If you've been feeling sceptical of Mitchell Hurwitz's greatest show ever since its so-so fourth season, get prepared to do a complete 180. Arrested Development has been renewed for Season 5 — but this time round it could be a whole different beast. "In talks with Netflix, we all felt that that stories about a narcissistic, erratically behaving family in the building business — and their desperate abuses of power — are really underrepresented on TV these days," said the creator on Wednesday. And if you're wondering if a subtle political parallel is being made to America's most famous family, your suspicions were confirmed.
"I am so grateful to them and to 20th TV for making this dream of mine come true," Hurwitz continued. "In bringing the Bluths, George Sr., Lucille and the kids; Michael, Ivanka, Don Jr., Eric, George-Michael, and who am I forgetting? Oh, Tiffany. Did I say Tiffany? — back to the glorious stream of life."
The once cult-show hit a road bump with its Netflix revival, in which the series accommodated its cast's busy schedules by shooting individual episodes rather than ensemble efforts. While it got a 78 percent approval rating on Rotten Tomatoes, the new feel of the show resulted in a few less-than-enthused reviews. The New Republic described it as "bloated, the plot made sluggish from too many nods to the behind-the-scenes work of making a show," The Guardian concluded "it doesn't really work," and TIME Magazine describing it as "dark, uneven and frustrating." But Season 5 could be a whole new breed, especially since the entire cast has signed on.
Arrested Development has always been at its sharpest in its satirical depiction of a once-wealthy family who are totally out of touch with the reality of America, which makes it the perfect vehicle to tackle the President with. Who better to hold a guy who boasts a strong work ethic but was born rich to account than the Bluths?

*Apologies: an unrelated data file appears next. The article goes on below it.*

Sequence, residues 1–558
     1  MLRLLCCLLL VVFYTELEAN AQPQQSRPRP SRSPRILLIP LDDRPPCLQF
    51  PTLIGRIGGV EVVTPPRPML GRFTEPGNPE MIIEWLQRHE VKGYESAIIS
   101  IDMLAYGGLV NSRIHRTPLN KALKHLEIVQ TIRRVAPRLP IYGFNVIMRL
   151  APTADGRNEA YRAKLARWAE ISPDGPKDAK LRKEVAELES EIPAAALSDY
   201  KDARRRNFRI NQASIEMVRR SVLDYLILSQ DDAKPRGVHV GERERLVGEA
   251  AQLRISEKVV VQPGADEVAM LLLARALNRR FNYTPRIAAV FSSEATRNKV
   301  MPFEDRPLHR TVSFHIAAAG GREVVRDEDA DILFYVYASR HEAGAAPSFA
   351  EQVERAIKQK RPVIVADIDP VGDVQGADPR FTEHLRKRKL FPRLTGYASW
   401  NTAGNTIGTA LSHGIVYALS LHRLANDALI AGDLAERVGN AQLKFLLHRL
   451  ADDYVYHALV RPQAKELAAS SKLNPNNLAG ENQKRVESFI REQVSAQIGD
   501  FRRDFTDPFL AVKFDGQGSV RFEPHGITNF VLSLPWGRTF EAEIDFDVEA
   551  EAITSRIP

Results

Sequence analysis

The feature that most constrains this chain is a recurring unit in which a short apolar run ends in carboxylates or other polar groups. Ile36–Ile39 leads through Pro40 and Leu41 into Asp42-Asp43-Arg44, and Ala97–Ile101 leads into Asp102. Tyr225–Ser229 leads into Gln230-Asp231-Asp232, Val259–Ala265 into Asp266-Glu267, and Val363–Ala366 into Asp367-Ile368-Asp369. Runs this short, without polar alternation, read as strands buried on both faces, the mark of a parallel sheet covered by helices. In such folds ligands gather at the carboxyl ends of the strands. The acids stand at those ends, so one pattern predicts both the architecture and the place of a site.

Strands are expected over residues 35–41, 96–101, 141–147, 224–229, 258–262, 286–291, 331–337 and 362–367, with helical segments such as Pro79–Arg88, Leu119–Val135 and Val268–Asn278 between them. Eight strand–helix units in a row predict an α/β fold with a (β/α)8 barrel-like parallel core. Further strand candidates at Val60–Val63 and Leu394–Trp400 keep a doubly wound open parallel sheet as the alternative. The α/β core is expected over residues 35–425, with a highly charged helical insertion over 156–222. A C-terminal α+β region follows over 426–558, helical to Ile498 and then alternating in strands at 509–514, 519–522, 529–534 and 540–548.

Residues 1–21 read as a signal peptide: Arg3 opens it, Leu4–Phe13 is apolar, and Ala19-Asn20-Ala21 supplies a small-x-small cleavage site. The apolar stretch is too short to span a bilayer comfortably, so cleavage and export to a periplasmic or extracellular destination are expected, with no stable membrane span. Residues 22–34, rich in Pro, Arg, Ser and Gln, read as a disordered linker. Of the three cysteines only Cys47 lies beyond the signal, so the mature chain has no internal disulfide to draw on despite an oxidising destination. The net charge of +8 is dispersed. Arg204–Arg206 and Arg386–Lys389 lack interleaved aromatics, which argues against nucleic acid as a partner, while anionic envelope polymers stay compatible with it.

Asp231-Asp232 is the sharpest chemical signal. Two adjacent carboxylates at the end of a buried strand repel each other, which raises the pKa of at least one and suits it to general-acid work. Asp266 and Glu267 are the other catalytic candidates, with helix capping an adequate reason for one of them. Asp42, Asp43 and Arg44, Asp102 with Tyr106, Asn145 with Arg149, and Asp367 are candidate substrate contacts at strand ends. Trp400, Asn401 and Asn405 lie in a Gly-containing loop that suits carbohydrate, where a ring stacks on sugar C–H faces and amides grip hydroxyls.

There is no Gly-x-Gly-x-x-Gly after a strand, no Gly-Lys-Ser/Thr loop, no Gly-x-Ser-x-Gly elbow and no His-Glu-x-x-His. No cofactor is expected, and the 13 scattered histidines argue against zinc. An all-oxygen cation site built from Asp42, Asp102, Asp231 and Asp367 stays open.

It's also been oddly prescient. The jokes about a border wall between the United States and Mexico were made long before Trump included this very idea in his campaign promises. However, the show itself presumably was inspired by the political climate, with Congress voting in favor of constructing a border fence in the Secure Fence Act of 2006, so it's hard to accuse The Apprentice star of plagiarizing the idea from Netflix.
While Hurwitz stated in July 2016 that he wouldn't make too many Trump jokes in the fifth season because "it might feel like a sketch, like too easy of a parody," the politics-heavy joke with which Netflix has chosen to announce the next installment suggests that he's thought better of this. Which is great, because there are a whole lot of parallels between the Trumps and the Bluths. It would be a crying shame for the writers not to use all this raw comedy material that fate has granted them.
It would also solve one dilemma created by the fourth season — that of the darker tone. It was another aspect of Season 4 that fans weren't happy with, since the season feature Maeby sleeping with a 17 year old and being sent to jail as a sex offender and acting as her mother's pimp.
Hopefully, if the series wants to adhere to that same darker tone, it can now funnel all that bitter energy into holding the administration to account via whip-smart jokes rather than uncomfortable sex comedy.
So fingers crossed for its most political season yet. If not, I suspect Hurwitz will be channeling GOB — "I've made a huge mistake."